Just as smokers become addicted to cigarettes, bees might be getting hooked on a pesticide blamed by some scientists for a steep decline in their population.
That was the surprising finding from one of two studies in Nature Wednesday that examined the impact on several bee species of neonicotinoids, a class of commonly used pesticides that are used on corn and cereal crops as well as many types of fruits and vegetables.
In one study, Newcastle University's Geraldine Wright and her colleagues found that buff-tailed bumblebees and honeybees preferred a sugar solution containing the three most common neonicotinoid pesticides - which contain nicotine - to a solution without them.
"What I think is happening is that neonicotinoids are having a pharmacological effect on the neurons of bees' brain which are responsible for reward learning," Wright told reporters. "Like nicotine, they are essentially amplifying the rewarding property of sucrose they are located in. Bees think it's more rewarding so they go back to the food tube to drink more of it."
And what's more, because they are unable to taste it, the researchers surmised, the bees may have no reliable way of avoiding the pesticide.
Taken together, the findings suggest the bees are likely being exposed to the high levels of the pesticide, which earlier research has shown can impact their fitness, especially their ability to forage and collect pollen.
Richard Gill of the Imperial College in London and Nigel E. Raine, a bee expert with the School of Environmental Sciences at the University of Guelph in Canada, wrote in a commentary in the same issue of Nature that Wright's findings could be a concern if they results are proven in the wild.
"Their study does imply that foraging bees are unlikely to avoid seed-treated crops in the field, and supports previous reports of honeybees and bumblebees bringing back nectar and pollen from treated fields," they wrote. "If the preference for treated food does apply in the field, these findings suggest that we could be underestimating the exposure risk to bees from treated crops."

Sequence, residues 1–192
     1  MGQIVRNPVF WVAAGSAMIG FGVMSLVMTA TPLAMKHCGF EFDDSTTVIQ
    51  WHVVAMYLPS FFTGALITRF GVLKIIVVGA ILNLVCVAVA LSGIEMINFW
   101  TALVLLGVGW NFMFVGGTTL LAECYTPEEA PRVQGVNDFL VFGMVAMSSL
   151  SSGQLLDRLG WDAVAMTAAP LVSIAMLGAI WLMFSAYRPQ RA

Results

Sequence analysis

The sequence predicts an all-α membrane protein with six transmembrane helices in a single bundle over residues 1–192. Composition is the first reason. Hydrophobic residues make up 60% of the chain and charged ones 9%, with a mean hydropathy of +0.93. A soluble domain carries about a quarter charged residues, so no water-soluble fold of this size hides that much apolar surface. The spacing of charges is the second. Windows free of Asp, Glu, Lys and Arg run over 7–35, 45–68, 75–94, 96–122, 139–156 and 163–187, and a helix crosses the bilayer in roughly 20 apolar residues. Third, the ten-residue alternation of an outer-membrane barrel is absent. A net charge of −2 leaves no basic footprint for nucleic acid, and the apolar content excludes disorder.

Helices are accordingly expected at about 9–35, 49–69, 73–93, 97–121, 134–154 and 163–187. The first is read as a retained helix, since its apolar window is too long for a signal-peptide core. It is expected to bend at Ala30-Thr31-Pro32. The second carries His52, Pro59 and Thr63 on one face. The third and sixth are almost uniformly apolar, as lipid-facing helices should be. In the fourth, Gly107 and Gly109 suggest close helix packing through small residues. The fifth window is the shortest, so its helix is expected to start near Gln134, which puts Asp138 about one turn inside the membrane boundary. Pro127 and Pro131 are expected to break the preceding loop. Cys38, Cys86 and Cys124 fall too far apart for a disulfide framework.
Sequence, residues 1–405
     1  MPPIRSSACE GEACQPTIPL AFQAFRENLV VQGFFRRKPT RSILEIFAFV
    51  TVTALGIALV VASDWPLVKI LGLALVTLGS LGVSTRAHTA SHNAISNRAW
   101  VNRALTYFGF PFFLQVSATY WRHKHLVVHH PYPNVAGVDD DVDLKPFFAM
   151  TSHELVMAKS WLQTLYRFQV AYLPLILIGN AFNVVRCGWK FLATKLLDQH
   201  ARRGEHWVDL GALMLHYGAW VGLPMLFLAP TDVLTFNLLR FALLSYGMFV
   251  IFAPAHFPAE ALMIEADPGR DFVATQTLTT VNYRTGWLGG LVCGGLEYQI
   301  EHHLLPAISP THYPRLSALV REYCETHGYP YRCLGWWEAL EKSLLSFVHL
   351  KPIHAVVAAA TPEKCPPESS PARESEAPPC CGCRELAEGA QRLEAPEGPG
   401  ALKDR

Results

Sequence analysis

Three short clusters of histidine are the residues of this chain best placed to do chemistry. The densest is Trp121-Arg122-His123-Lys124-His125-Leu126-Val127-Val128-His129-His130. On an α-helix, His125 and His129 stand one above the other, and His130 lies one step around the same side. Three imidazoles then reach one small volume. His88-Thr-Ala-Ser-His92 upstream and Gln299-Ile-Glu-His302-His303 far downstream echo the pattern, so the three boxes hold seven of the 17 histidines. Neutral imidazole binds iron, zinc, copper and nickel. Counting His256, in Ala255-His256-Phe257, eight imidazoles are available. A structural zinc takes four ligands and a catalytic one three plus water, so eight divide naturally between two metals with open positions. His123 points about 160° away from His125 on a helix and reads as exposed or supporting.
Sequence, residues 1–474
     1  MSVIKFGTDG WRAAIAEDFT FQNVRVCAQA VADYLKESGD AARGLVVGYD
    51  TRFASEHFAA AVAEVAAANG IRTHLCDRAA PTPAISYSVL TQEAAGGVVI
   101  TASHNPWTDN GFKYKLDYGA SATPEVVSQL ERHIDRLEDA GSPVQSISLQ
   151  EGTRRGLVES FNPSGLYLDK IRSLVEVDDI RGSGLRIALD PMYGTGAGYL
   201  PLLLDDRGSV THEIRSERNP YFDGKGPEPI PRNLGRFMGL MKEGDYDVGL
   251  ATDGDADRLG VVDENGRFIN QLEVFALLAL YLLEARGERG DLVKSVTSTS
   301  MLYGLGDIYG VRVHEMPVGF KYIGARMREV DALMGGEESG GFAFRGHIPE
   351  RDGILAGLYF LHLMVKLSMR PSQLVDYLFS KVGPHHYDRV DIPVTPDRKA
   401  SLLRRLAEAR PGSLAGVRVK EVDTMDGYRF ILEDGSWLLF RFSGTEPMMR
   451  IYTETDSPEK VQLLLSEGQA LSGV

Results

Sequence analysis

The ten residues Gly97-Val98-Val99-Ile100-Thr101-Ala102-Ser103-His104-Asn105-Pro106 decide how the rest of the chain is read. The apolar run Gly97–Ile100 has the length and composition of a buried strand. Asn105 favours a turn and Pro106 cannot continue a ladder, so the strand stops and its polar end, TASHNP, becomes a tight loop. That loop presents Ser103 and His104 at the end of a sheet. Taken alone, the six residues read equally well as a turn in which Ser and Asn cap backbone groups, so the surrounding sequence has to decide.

The second study was a field trial in Sweden looking at how several species of bees responded to an untreated control field of rapeseed and those that had been treated with neonicotinoids.
The study had a little something for all sides in the debate raging over what role, if any, the pesticides are playing in the demise of bees. It found that the bumblebees in the pesticide fields almost didn't grow while those in the control fields did. Solitary bees also didn't fare well in the pesticide-laced fields, with none returning to nesting sites in those fields.
But the pesticides didn't seem to impact the colony strength of honeybees, the most common species used in commercial pollination.
"This study is important because bees are pollinators of both crops and wild plants and the wild bees are more important than previously thought," Maj Rundlöf, the lead author and project coordinator from Lund University, said. "It's worrying that there are reports in decline distribution diversity of bees. Pesticides could be one of the multiple pressures that bees are under."